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Accident renews harvest safety call

A Casco woman was admitted to a hospital after crashing into a manure hauler earlier this week. No names were released, but the woman was traveling near Cherneyville and Sleepy Hollow Roads near Kewaunee when it failed to yield to a Black Creek-based manure hauler working for a nearby farm. Extension Kewaunee County agriculture agent Aerica Bjurstrom says farmers and motorists need to take proper precautions when out on the roadways.

Kewaunee County Sheriff Matt Joski says the manure and fuel spill caused by the crash has been cleaned up. Farmers will be crisscrossing their fields over the next few weeks as it is finally getting dry enough to take their implements out into some of their fields. 



Fall brings harvest, and that means road sharing between passenger vehicles and farm equipment. Because most of the roads in Kewaunee and Door Counties are rural, practicing patience and caution can prevent a serious accident.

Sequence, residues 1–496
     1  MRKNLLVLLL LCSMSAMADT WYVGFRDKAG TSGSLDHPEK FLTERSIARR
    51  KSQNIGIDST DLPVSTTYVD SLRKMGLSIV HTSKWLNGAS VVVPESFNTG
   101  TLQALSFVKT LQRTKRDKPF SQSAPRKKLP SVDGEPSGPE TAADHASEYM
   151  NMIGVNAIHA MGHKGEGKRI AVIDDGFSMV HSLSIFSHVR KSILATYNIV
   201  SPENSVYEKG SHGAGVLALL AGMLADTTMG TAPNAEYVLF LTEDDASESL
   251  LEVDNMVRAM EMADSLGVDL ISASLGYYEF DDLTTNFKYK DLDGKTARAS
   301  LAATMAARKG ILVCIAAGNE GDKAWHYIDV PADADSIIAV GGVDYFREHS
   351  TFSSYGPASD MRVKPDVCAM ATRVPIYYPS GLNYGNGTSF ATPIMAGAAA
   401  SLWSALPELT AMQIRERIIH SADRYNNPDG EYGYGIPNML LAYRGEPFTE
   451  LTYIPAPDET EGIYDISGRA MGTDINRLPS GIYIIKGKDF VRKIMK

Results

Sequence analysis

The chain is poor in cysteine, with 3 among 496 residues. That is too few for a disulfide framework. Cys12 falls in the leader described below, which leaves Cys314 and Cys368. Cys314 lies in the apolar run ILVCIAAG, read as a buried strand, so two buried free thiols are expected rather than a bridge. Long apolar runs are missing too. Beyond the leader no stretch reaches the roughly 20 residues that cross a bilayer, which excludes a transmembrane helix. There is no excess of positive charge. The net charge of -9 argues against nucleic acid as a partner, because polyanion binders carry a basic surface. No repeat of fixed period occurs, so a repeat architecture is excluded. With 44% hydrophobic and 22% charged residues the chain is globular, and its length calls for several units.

Farm vehicles can be recognized by their size and slow moving emblems displayed. Be prepared to slow down when you see these vehicles. Some may also have flashing yellow lights or a beacon strobe light. Dusk is a particularly busy time as farmers are returning from the fields this time of day.

Because some farm vehicles are not required to have turn signals and brake lights, it may seem as if the vehicle is stopping in the middle of the road, when in fact they are preparing to turn left. Please use caution and patience behind these vehicles; the most common accident occurs when a motorist thinks the vehicle is pulling over when in fact the farmer is swinging the vehicle wide to line up with a gate or driveway.


Farm equipment is commonly driven on the shoulder of the road to allow for better passing space for motorists. Although farm equipment operators are not required to drive on the shoulder, they typically do this as a courtesy for vehicle traffic. Be aware that farm implements driving on the shoulder may swing out into the road to go around a mailbox or other obstruction. Also this fall more than others, you may see more equipment operating at night, as many farmers will be working hard to harvest in between rain events.


The keys to safety when sharing the road with farm equipment are care, caution, and patience. Have a safe fall harvest and keep an eye out for your neighbors on the roads.

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